There's a way in which a CCP leader could have defined national greatness by increasing domestic consumption and improving health care and education and living standards for everyone, which would have de-emphasized these money sinks that sometimes pay out, but oftentimes don't for the Chinese people at large. But instead, we're left with this one, which leads to a backlash from the rest of the world being more wary of China, which is something that ends up slowing Chinese economic growth, and screwing those poor people. Those poor people would have had better long-term economic outcomes if the Chinese economy was able to grow more because it could be more cleanly integrated with the global economy.

James Wang - Totally. I mean, hey, just look at Australia, right? Australia really should be China's absolute best friend ever. And it was kind of going that way for a little bit. And now they're buying nuclear subs from the U.S.

Jordan Schneider - Yeah. And you know, the fact that you have to spend money on this stuff is like, what's the point?

[Xi] has this vision of making China great again and the Chinese dream.

The question Jordan didn’t want James to ask

James Wang - So, pivoting from that — and feel free not to say if you feel it's too speculative — but what do you think the probability of a hot conflict breaking out within the region is?

Jordan Schneider - Man, I was trying to think, what could you possibly say that I would not give you a probability on?

Well, we have to define hot conflict, right?

I set up a poll on Manifold of what are the chances of one service member dying from PRC/Taiwan, US, Vietnam, Philippines, in a China-related incident over the next year. I think that's at like 20% right now? But that's different than like a dramatic, horrific shooting war. And for that scenario over the next three years, I put it at like, I don't know, 1% or something. Over a 15 year horizon, like maybe up to 3%? I'm not super stressed out.

The thing that does sort of worry me is this succession dynamic. One will recall the only other time the PRC started a war was in 1978 as Deng (Xiaoping) was trying to consolidate control and he used the PLA and his ability to basically bully everyone else in the system who did not want to go and fight Ho Chi Minh—of all people—into starting that war, [as] being part of his way to assume power after Hua Guofeng. Things get weird when leaders get old and die.

And, particularly, we had a pseudo succession system that the CCP tried to set up after the death of Mao that has now been blown up.

Xi’s got to do something about this at some point, but I think there's been a really awkward and messy history of the CCP trying to set up successions. You had Lin Biao where things didn't end up working out for him. He flies off in a plane and crashes in the middle of Mongolia. You have the sort of mess I think you can even say was Xi’s succession to power and, you know, him disappearing for a few days and like Bo Xilai ended up going in jail [as well as] Zhou Yongkang.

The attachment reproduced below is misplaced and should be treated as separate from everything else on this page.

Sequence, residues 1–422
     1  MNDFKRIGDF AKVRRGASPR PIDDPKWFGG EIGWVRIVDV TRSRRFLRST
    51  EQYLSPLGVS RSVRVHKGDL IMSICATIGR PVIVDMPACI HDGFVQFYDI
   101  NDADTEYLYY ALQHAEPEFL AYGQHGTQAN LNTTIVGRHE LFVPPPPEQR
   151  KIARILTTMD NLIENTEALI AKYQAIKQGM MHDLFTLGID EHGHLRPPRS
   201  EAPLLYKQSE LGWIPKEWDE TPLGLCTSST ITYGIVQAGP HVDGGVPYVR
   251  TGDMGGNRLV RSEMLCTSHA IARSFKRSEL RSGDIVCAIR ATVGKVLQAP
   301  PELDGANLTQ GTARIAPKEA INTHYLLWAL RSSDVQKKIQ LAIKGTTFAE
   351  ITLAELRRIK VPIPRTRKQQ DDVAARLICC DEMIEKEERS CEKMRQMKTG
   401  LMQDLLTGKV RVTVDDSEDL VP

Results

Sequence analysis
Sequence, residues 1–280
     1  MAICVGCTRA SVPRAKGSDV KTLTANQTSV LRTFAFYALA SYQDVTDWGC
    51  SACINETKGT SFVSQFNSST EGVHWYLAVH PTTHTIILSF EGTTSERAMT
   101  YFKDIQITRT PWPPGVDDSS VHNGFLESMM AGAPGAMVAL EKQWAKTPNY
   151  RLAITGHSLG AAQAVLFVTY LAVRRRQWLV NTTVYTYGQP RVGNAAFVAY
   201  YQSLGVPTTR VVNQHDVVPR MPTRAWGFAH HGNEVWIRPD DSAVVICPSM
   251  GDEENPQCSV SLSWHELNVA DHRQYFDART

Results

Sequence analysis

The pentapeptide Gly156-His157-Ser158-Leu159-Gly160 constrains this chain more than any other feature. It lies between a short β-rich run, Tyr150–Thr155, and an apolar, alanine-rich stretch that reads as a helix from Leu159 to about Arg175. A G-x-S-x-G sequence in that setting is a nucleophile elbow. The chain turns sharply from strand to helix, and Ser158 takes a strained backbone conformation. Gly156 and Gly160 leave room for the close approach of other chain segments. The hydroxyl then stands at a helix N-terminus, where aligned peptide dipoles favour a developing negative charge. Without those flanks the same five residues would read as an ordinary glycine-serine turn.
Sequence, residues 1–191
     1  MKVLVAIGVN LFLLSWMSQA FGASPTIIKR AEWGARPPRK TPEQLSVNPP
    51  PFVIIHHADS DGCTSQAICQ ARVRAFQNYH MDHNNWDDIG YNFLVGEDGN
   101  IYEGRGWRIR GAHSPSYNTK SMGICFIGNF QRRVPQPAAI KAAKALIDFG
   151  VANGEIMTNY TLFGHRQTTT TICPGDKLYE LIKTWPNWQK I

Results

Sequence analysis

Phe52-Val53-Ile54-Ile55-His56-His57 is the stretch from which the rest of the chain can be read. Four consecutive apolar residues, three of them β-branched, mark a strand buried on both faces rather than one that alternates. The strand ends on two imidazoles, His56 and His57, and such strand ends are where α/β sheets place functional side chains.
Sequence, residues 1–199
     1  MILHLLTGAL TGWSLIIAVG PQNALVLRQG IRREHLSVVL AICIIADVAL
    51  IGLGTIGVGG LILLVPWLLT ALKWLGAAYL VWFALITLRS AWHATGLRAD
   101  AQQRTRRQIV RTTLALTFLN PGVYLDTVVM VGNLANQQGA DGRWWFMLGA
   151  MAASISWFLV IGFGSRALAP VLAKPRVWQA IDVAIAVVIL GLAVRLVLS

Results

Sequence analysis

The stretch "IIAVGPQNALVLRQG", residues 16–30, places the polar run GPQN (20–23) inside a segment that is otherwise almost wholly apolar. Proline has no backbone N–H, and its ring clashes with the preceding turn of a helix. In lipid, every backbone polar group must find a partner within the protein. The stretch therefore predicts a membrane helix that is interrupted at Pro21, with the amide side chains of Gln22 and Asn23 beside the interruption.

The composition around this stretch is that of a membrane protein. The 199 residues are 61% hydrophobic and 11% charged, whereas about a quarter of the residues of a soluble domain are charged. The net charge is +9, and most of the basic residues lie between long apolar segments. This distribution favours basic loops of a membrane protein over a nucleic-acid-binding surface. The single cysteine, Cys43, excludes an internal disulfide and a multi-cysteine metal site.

Things get weird when leaders get old and die.

I think the Chinese domestic, high-political dynamic spilling over into something international is the biggest wild card for me over the next 10 years. I think that’s the type of thing which is far more likely to trigger something than a premeditated risk-benefit calculus happening, or Taiwan declaring independence and China deciding that's unacceptable. So I don't go to sleep at night stressing out about it. But that's the scenario that I think people should do a lot more hard thinking on.

But unfortunately, that's also the one we can do the least about. Whether or not Taiwan has more of a credible defense I don't think is going to matter. If that's like 10 or 20 percent better, I don't think that's going to matter to the enterprising person on the Politburo who's using the PLA to edge out their their rival as they try to figure out what happens after Xi.

AI regulation in China

James Wang - All right, in terms of state of AI regulation and what kind of impact that's been having in China, what sort of thoughts do you have on it?

Jordan Schneider - I mean, I think it's like low-to-moderate. There was this concern early on that the LLMs are untamed and they'll say controversial, political things that the Chinese regulators will never allow.

Look, like, ChatGPT is no longer racist. It's pretty hard to get [the Chinese models I’ve tried] to say obnoxious stuff. I think the regulators have sort of revised their initial proposals, and now it's like you need to be 95% not anti-party or whatever, which is reasonable and a bar that they've been comfortable with. Like you've had dozens of models be approved for public use over the past year or so. So I don't necessarily see like regulation as being something that's really going to define the future of AI in China or the US.